I’ve been shooting a lot of .22LR on a recreational basis lately, and am reminded how fickle this round can be.
Many people seem to be unaware that you can’t put just any old .22 round into a gun – be it rifle, pistol, or revolver – and expect it to function correctly, let alone hit where it is aimed!
It is not unusual to find that any given .22 firearm will not function with certain ammunition. I’ve seen guns that didn’t have enough firing pin energy to detonate certain brands of ammunition; autoloaders that wouldn’t load and eject certain bullet shapes or velocities; and guns that would shoot tight groups with some ammo but shotgun-like patterns with everything else.
This would all be a lot easier if it were predictable by gun brand and/or model – sadly, it just isn’t. You can take two identical guns and one will shoot incredibly accurately with a specific round, while the other gun throws them every which way; I’ve seen it happen with a pair of Ruger 10/22 rifles.
Some guns are more picky than others regarding their ammunition preferences. The Dan Wesson Model 15-2 in .357 is renowned for its accuracy, but the same gun in .22 is regarded as very inaccurate. I suspect that this reputation has more to do with ammunition that with any fault of the gun. I have one, and had to test many different .22 rounds before I found a couple that it would shoot well. The difference wasn’t minor, either! With most ammunition it will shoot 3- to 4-inch groups at 25 yards; with its preferred ammunition, it will quite literally put a cylinder full into one ragged hole at the same distance. There seems to be no middle ground with this gun!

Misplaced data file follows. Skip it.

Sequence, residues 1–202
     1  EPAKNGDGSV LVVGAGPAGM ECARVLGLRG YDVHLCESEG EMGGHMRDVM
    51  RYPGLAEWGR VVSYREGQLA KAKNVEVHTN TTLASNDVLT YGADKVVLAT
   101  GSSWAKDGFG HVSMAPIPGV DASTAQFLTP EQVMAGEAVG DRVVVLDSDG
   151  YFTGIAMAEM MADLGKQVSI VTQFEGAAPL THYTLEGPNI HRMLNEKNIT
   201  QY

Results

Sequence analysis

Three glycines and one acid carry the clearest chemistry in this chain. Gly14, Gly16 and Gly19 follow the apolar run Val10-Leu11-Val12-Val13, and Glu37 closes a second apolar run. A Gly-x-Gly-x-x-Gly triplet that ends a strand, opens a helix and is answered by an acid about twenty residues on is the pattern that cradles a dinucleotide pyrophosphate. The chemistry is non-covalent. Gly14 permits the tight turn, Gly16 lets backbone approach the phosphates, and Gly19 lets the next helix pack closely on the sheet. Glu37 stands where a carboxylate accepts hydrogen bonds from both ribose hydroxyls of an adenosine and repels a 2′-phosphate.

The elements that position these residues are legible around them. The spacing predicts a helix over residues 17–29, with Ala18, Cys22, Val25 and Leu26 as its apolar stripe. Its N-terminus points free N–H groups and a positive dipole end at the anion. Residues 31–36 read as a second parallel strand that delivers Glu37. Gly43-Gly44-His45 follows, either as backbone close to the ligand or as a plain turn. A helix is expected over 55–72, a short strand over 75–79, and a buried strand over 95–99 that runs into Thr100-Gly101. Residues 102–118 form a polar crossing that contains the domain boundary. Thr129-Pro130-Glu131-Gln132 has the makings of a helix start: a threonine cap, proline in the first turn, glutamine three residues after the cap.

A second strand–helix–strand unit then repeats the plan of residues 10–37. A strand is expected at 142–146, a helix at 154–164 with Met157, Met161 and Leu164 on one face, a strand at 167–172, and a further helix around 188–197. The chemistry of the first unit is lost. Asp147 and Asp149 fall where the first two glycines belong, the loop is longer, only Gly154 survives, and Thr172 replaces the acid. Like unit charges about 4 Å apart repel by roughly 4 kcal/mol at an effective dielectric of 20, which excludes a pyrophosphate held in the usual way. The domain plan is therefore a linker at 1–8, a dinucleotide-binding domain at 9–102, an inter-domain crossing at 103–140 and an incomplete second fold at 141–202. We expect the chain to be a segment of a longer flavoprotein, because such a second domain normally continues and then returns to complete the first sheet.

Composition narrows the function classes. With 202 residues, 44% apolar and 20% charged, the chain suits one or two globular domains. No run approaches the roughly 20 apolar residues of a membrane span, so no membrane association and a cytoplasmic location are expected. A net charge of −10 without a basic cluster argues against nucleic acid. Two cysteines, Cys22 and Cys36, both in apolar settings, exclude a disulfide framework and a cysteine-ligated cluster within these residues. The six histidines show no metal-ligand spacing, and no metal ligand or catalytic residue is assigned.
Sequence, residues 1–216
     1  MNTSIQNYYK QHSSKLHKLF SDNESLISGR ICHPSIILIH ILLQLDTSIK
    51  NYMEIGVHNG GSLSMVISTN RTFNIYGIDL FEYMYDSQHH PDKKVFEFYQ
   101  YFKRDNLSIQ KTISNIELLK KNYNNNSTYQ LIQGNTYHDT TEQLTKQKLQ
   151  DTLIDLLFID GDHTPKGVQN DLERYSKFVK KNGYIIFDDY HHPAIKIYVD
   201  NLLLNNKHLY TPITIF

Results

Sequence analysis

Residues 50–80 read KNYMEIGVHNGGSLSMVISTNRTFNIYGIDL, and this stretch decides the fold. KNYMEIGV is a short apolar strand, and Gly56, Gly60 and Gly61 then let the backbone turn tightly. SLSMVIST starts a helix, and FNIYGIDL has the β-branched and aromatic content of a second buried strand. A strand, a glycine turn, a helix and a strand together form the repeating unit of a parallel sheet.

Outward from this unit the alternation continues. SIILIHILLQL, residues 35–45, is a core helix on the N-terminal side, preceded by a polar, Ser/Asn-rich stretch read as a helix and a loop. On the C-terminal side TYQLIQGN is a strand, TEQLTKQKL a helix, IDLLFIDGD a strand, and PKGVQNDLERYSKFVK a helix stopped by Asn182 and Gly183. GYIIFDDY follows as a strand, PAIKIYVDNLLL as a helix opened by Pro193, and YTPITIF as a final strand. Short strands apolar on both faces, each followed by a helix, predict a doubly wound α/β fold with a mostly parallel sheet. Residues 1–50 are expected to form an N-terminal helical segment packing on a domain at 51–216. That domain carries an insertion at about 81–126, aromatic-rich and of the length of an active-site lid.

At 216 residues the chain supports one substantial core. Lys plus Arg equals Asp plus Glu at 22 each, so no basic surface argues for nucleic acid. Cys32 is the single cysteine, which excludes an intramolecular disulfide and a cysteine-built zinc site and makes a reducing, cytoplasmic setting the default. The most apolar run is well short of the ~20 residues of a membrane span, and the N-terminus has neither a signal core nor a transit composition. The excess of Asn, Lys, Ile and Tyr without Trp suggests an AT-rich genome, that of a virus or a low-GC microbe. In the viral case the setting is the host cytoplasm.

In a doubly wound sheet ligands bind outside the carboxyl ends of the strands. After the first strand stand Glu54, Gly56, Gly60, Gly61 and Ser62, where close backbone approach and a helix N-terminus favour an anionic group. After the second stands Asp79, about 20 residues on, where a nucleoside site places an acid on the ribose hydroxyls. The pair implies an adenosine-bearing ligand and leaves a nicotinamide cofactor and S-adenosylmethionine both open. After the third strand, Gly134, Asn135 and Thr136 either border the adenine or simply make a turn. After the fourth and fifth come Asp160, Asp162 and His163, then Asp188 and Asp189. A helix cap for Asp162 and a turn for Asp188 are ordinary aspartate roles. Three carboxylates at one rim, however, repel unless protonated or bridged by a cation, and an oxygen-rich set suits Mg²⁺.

Bullet velocity also plays a role. Generally, it is assumed that the higher velocity rounds don’t shoot as well as their slower brethren – but not always! My personal Marlin 39A, for instance, has a surprising preference for the hyper-velocity Quik-Shok round, which is widely considered to be a very inaccurate load.
The moral of the story is that you have to test – and sometimes test again, and keep testing – until you find the round(s) that shoot and function well in your individual guns. When you find that/those loads, buy a case (or two or three…!)
-=[ Grant ]=-
- Posted by Grant Cunningham
- On April 2, 2007